There is much to suggest that I am currently merely inexperienced and the bad weather has not yet hit. I am start to have to wear coats, and the sun is setting much earlier. I must admit that some nights after work, sitting outside having a pint with the work mates, it’s been pretty damn cold. But I’m adjusting. My friends and co-workers say that the worst is yet to come, so I’m bracing myself. Will it turn out that like other things in London, the worst weather will be a little bit over-hyped? (on a side note, other over-hyped things include – Hyde Park, the coolness of Hackney/Shoreditch, the quality of the local bands & the general social scene). Although I’m betting on a harmless winter, I will update you all in another few months time with word of whether things have gotten any worse. It won’t be long I’m sure that I’ll be eating my words.

Basically, if I can say anything constructive on the topic of British weather, it would be: don’t let it put you off coming over here. There’s plenty of other reasons to be turned off moving or visiting England, but the weather I don’t think should be the dominant reason. Unless you’re from California or Hawaii and you’ve never had grey skies and some cold ever in your life. But if you’re from a normal place like Auckland, Toronto or even Melbourne – London is probably on par with whatever weather conditions you’ve already faced. The winters are kind of cold, but not horrifically miserable and the summers are actually quite pleasant. Or at least so my fairly naive experience has led me to believe.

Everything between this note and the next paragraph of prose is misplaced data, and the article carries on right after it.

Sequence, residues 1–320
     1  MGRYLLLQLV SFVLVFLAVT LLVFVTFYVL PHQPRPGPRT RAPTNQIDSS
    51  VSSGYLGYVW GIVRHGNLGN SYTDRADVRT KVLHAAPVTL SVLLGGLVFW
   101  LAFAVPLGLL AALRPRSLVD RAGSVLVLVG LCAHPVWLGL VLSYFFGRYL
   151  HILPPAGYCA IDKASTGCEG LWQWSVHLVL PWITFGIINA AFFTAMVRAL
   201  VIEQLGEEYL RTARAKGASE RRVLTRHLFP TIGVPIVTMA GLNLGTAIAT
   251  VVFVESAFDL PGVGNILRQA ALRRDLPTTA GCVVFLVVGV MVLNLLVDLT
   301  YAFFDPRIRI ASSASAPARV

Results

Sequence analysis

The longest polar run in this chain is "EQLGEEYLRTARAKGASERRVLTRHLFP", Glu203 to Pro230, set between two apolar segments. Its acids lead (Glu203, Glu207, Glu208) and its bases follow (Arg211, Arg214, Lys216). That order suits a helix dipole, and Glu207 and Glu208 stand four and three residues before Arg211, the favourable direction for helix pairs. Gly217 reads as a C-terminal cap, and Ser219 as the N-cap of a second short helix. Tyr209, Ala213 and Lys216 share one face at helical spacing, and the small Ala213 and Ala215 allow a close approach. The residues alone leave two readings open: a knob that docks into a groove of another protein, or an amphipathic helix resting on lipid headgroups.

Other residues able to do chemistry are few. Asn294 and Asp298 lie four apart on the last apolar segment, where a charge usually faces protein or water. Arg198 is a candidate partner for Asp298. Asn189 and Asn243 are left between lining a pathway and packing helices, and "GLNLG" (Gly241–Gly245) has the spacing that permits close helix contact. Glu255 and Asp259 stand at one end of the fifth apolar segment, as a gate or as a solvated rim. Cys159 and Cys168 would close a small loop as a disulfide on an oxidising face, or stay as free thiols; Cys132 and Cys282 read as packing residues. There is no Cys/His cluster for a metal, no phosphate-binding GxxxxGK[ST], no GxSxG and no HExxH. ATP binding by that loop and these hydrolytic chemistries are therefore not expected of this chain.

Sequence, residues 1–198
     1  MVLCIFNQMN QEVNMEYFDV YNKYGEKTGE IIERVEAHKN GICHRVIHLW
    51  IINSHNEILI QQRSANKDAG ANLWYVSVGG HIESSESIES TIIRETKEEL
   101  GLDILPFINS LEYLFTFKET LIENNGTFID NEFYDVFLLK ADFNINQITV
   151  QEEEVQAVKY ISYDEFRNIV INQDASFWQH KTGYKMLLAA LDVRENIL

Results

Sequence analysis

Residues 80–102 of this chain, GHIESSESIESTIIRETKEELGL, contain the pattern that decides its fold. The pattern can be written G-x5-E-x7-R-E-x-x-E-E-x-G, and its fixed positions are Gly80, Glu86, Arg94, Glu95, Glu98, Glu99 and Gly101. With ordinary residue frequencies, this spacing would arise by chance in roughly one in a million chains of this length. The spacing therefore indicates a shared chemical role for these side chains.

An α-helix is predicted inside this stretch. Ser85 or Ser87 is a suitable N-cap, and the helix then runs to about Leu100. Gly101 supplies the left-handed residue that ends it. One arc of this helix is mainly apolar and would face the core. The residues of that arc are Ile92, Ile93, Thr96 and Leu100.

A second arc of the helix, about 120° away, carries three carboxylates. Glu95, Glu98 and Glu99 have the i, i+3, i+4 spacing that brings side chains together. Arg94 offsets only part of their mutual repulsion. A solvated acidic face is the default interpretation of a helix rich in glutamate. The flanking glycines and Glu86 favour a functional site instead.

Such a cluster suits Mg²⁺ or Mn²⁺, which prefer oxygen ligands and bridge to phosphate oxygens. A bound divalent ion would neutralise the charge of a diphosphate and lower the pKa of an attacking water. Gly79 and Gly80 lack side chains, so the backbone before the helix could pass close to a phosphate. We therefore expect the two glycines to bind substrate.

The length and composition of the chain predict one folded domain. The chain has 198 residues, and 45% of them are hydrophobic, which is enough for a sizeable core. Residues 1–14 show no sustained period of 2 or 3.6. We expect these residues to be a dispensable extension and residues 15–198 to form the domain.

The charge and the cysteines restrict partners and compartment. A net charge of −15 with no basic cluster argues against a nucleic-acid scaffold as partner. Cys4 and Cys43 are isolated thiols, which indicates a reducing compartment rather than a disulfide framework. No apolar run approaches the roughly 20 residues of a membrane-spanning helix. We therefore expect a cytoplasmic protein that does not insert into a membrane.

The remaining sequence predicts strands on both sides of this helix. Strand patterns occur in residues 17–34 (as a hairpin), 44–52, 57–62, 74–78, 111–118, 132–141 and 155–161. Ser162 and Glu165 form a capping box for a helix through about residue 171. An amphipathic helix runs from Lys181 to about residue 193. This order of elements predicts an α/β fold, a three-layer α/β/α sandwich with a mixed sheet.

People reluctantly leaving their London houses